CIS 3051 Information Systems Engineering

 















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CIS 3051 Inform­a­tion Sys­tems Engin­eer­ing

Naudi

 

40% assign­ment

60% Exam

 

Pet­ri Nets mod­els IS
Flow graph for Qual­ity Assur­ance
Main­ten­ance pro­ductiv­ity

Pet­ri net

 

 

e.g:

 

 

 

 

 

 

 

 

 

 

 

 

 

 

 

 

 

 

 

 

 

 

 

 

 

 

 

 

 

 

 

 

 

In this example T3 has no input, so it always enabled which means it can always fire.

 

Reach­ab­il­ity Graphs

 

 

P1 P2 P3

M0 = (0, 00)

t3 (t3 fires)

t3*
M1 = (1, 00)

t1

 

 

M2 = (0, 10)

t3
M3 = (1, 10)

*t3 fires again

 

 

 

 

 

 

 

 

 

 

 

 

 

 

 

 

 

 

 

 

 

 

 

 

 

P1 P2 P3

M0 = (0, 01)

t3

t2

t3
M1=(1,0,1) (0, 00)

 

 

M2=(0,1,1)(1, 0, 0)t3

t3 t1 t1

t3
M3 = (1, 1, 1) (0, 10)

 

t3

 

(1, 10)

 

 

 

 

 

 

 

 

 

 

Real Life Example – road passing over a rail­way with bridge open­ing and clos­ing when a train passes by.

 
Oval: 1

Train

 

Oval: 3Oval: 2Gate one way

 

 

 

 

 

 

 

 

The gate can be in these 4 situ­ations:

1. Gate Open

2. Gate Open to Close

3. Gate Closed

4. Gate Closed to Open

 

The train can be in these situ­ations

Tran Away (1)
Train passing by (2)
Train Leav­ing (3)

If we want a trans­ition that will not fire if 2 places are marked we draw a dot­ted line which is known as the inhib­it­or arc.

 

P2

 

 

 

 

 

 

 

 

 

 

 

 

 

 

Without the inhib­it­or arc t1 is enabled, the inhib­it­or dis­ables t1 (if P3 is marked). If only P1 is enabled t1 can fire.

 

 

 

Gate Open

Gate Train

Train far away

Gate Open to Close

Gate Closed

 

 

 

 

 

 

 

 

 

 

 

 

 

 

 

 

 

 

 

 

 

If we draw one Pet­ri Net for this situ­ation we will have this dia­gram:

 

Train Gate

 

 

 

 

 

 

 

 

 

 

 

 

 

 

 

 

Train passing

 

 

 

 

 

 

 

Train away

 

 

 

 

 

 

 

 

 

 

In our case we are draw­ing safe Pet­ri nets. Safe Pet­ri nets in each place can have a max­im­um of one dot only. If it is not a safe Pet­ri net then there is no lim­it of dots per place. The prob­lem with non safe Pet­ri nets is that if you want to fire the first dot and there are a num­ber of dots it is impossible to recog­nise the first one. There­fore col­oured Pet­ri nets are used.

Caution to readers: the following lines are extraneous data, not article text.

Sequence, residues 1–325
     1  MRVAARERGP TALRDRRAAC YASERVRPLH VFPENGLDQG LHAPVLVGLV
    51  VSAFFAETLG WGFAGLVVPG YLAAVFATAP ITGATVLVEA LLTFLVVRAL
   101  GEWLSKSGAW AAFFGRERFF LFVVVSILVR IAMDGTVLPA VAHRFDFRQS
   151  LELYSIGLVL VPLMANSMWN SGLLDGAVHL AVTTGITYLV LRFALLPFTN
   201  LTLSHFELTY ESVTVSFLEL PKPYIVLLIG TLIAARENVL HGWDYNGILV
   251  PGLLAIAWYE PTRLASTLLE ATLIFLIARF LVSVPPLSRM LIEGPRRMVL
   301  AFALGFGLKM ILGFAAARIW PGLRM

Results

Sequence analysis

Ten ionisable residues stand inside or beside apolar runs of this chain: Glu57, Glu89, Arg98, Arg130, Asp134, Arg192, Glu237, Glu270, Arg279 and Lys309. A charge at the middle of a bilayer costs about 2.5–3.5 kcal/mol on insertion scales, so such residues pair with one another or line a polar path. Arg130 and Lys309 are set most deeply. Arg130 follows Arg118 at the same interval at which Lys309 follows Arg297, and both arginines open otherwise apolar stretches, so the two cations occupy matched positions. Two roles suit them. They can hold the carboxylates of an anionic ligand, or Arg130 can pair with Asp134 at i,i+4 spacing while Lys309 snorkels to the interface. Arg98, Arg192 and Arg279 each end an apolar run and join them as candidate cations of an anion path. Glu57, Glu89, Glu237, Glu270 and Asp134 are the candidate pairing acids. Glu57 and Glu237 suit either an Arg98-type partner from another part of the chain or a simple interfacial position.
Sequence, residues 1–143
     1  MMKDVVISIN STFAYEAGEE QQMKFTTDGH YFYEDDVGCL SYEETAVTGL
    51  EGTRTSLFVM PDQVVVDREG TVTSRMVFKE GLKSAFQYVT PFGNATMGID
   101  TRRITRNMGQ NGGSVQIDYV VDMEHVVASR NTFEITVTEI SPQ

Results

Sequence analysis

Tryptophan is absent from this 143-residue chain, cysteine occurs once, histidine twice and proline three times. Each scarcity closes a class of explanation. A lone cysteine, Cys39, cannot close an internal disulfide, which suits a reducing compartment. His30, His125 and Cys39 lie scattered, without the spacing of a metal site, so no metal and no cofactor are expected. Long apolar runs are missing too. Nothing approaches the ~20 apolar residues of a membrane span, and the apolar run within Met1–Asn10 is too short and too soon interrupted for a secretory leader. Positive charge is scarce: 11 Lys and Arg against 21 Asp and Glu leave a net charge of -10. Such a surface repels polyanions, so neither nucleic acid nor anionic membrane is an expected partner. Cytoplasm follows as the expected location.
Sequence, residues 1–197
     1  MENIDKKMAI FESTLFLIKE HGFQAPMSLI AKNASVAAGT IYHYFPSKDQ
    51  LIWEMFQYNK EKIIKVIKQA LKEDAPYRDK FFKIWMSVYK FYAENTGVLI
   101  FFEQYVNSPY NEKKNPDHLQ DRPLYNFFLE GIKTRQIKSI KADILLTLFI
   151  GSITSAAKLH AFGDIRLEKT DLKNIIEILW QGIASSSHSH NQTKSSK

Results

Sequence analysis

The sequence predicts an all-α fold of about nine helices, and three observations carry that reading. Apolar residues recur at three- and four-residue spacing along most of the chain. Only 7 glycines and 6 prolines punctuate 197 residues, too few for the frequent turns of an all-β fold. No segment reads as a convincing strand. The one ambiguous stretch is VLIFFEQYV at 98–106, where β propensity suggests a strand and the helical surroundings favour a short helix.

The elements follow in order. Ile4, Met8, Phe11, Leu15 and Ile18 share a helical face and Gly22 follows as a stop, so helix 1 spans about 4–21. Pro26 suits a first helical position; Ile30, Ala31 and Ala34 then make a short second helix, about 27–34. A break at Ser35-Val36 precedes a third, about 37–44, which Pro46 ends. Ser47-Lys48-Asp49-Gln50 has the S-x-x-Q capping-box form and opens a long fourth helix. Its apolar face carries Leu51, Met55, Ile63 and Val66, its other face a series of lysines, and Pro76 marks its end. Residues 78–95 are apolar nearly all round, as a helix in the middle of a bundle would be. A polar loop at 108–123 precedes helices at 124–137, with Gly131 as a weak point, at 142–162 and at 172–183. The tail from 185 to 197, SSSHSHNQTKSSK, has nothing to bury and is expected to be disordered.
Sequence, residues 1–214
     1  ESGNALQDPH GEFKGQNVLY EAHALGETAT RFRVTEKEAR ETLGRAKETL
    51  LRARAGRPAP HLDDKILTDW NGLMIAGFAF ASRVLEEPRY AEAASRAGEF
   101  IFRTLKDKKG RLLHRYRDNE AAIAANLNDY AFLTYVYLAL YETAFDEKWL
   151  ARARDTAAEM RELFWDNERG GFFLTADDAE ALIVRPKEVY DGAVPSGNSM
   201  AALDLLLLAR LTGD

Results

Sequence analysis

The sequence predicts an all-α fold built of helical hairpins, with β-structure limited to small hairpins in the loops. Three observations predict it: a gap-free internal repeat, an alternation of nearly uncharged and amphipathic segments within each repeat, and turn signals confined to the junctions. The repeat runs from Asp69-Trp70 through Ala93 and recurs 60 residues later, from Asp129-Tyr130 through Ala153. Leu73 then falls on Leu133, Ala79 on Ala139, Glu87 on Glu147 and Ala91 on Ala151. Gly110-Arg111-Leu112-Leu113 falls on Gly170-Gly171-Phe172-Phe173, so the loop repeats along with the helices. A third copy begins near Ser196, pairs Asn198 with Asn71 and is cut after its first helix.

There are 3 sim­ple steps to know

Work­ings of a Pet­ri net
Draw a Pet­ri net
Draw a reach-abil­ity graph

E.g. 8.1:

 

Pro­du­cer A Pro­du­cer B

 

 

 

 

 

 

 

 

 

 

 

 

 

 

Con­sumer 1 can buy either from A or from B since there is no pri­or­ity. If there is a pref­er­ence if you can buy from A and not from B then the dia­gram would be like 8.2

 

E.g. 8.2: Pet­ri Net

 

Pro­du­cer A Pro­du­cer B

 

t0 t2

 

 

P0P1

 

 

t1 t3

 
P2

 

 

Reach­ab­il­ity Graph

 

P0, P1P2

(0, 00)

t0t2

t0

(1, 0, 0) (0, 10)

t1t2

 

(0, 0, 1)(1, 10)

t1

t0t2

t0

(1, 0, 1) (0, 11)

t2t1

t0

t2 (1, 11)

 

 

 

 

 

 

 

 

 

 

 

 

 

 

Flow Graphs (Con­trol Flow Graphs — CFG)

 

Aim:

P

Flow Graph

 

Cyc­lo­mat­ic State­ment­branch cov­er­age­path

Com­plex­ity

 
State

 

 

Dir­ec­ted line

 

3 rules that gov­ern a good flow graph (a CFG is val­id if)

1. There is one start and one end node (State).

2. For each node there are a max­im­um of 2 out­go­ing arrows.

3. For each node N in the CFG there exists at least one path from the start node to N and at least one path from N to the end node.

 

 

 

 

 

 

 

 

 

a. x

 

 

x

 

 

 

 

R

 

E.g. 1:

s1

if s2 than s3

else s4

s5

 

 

 

 

 

 

 

 

 

 

 

 

 

 

 

 

E.g. 2:

s1

if s2 then s3

s5

 

 

 

 

 

 

 

 

 

 

 

 

 

 

 

 

 

 

 

 

E.g. 3:

s1

repeat s2

until s3

s4

 

 

 

 

 

 

 

 

 

 

 

 

 

 

 

 

 

e.g. 4:

s1

for (s2, s3, s4)

s5

end­for

s6

 

 

 

 

 

 

 

 

 

 

 

 

 

 

 

 

 

 

E.g. 5

s1

if s2 and s3 than s4

else s5

s6

 

 

 

 

 

 

 

 

 

F T

 

F

 

 

T

 

 

 

 

E.g. 6:

s1

if s2 or s3 then s4

else s5

s6

 

 

 

 

 

 

 

TF

 

 

 

T

 

 

 

 

 

 

 

 

 

 

E.g. 7:

s1

case s2 of

s3: s31 break

s4: s41 break

s5: s51 break

else s6

end case

s7

 

 

 

 

 

 

 

 

 

 

 

 

 

 

 

 

 

 

 

 

 

 

 

 

 

 

 

 

 

 

 

 

 

 

 

Cyc­lo­mat­ic Com­plex­ity

 

How to know that the CFG is val­id?

To know that a CFG is val­id Cyc­lo­mat­ic com­plex­ity is used. There are 3 ways to do this:

D + 1 Ã total decisions + 1
#(regions) ànum­ber of regions
E â€“ N + 2 Ã total edges (arrows) — total nodes (State) + 2

A decision is a state with 2 dir­ec­ted lines (arrows), and a node is a state (circle).